An Invitation to... Awesome!
Photo & Invitation: Courtesy of Bella Figura
Set The Tone
Your save-the-date announcement lets guests know to mark their calendars for the day that will mark the beginning of your newlywed life. It’s also your first chance to establish the feel of your fantastic celebration.
Linda Merchant, who handles stationery and invitations for iconic Houston retailer Bering’s, notes, “Our clients really love styling their save-the-date around a beautiful photo of the couple. The photo could be taken at their home, family ranch, at a styled shoot, or on a favorite vacation.” As for design, “We always like to play with how the save-the-date arrives: folded, tri-fold—you name it, we’ve designed it!” As for destination or themed weddings, “I love to see the couple get creative with their save-the-dates,” bringing the location or theme into the design, with maps, graphics, color and ornamentation. Think: sand, seashells, waves, wine-bottle graphics, grape leaves…or a chateau silhouette.
Consider incorporating a photo from your engagement photo shoot, especially if it includes activities you like to do together, says Christiana Turner of Isabella Invitations. For example, “Couples who enjoy shopping can have photos taken showing them hitting up their favorite retail establishment.” She adds, “We had a couple, who loved cycling together on a tandem bike, include a photo of them riding together on their save-the-dates. Another couple getting married at a vineyard sent mini wine bottles with custom labels printed with their save-the-date information.”
Amanda Bayer, creative director for Bella Dia Stationery, suggests, “Include a photo or graphic of your favorite pet, a cute sign, or even a whimsical saying that will express your personal style.” A great non-paper option? “Create a magnet that someone will keep forever. A calendar, etched on wood with a heart over your date, a wooden tree, or even a wooden barn, are all so unique that they will go on your guest’s fridge and never come off!” When scheduling your save-the-dates, remember that they need to be in the mail at least six to eight months prior to the wedding, to give your guests plenty of time to adjust their schedules and make travel arrangements.
When an invited guest reaches into the mailbox, your wedding invitation should stand out from anything else they find in there, and compel them to open it up with excitement!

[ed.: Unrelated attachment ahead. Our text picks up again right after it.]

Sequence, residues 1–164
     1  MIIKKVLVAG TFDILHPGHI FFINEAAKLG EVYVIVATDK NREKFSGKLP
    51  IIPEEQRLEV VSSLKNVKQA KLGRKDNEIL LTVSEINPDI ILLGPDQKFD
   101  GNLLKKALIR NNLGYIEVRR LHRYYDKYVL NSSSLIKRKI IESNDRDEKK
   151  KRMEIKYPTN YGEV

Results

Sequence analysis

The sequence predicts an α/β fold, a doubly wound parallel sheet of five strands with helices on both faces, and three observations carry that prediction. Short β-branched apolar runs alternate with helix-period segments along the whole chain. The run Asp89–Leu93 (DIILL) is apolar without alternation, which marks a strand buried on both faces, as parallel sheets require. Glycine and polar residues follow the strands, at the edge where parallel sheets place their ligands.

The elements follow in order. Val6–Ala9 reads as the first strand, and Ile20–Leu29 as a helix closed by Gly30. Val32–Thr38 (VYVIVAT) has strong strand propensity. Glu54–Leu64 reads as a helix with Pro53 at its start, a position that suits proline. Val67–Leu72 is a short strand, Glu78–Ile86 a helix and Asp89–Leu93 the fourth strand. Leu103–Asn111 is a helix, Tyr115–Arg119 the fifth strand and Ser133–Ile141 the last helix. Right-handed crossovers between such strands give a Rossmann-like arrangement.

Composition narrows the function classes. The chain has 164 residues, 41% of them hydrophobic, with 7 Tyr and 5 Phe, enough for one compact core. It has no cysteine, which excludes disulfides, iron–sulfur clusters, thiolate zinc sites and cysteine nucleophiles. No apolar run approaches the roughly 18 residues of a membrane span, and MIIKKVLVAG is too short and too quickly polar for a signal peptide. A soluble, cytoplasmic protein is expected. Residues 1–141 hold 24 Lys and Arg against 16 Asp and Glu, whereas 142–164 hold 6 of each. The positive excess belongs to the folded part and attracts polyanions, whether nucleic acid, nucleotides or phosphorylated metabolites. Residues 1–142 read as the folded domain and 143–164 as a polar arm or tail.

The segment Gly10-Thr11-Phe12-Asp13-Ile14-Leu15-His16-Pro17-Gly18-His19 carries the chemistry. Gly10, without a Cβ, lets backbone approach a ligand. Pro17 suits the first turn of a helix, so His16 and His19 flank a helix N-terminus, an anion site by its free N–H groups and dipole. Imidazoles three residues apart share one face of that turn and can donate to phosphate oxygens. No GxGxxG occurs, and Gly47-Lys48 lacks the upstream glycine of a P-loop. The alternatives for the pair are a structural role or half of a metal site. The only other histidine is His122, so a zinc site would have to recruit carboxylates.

Bayer notes that the best way to create a sense of occasion with your invitation packaging is by using a unique medium. “Balsa wood, acrylic and Plexiglas are all ways of taking an ordinary design and giving it a ‘wow’ moment that no one will ever forget. A simple white box filled with rich, luscious velvet makes an amazing presentation for an invitation printed on clear acrylic, for example. Tie that box with a simple but stunning matching satin ribbon, and you’ve delivered your request for attendance with style, grace and refined elegance.”
Turner says that while “boxed” invitations are still popular, she is creating lots of elaborately embellished envelopes for 2017 weddings. “We are doing die-cut envelopes in different shapes, which adds to the anticipation before guests even open up the invitations.”
While consistency—in color, style and overall tone—is important in the invitation suite and associated stationery pieces, it’s not necessary to have one uniform look for everything. Turner notes, “The key is to brand the wedding. You want to create a coordinating look throughout with the stationery, which should translate into the wedding day.” While all your stationery pieces need not be exactly alike, it’s nice to use your “monogram, or a pattern designed for your invitations, on the dance floor, with a lighting gobo, or even on the ice bar,” she says.
To Bayer, “Consistency is key when choosing the essentials for your wedding, from invites to floral design and table settings, so that each element of the event contributes to the overall look and feel that you want your guests to experience. Careful consideration and attention to detail can make your wedding memorable and bring your vision to life—plus, let’s just be honest…it looks better!”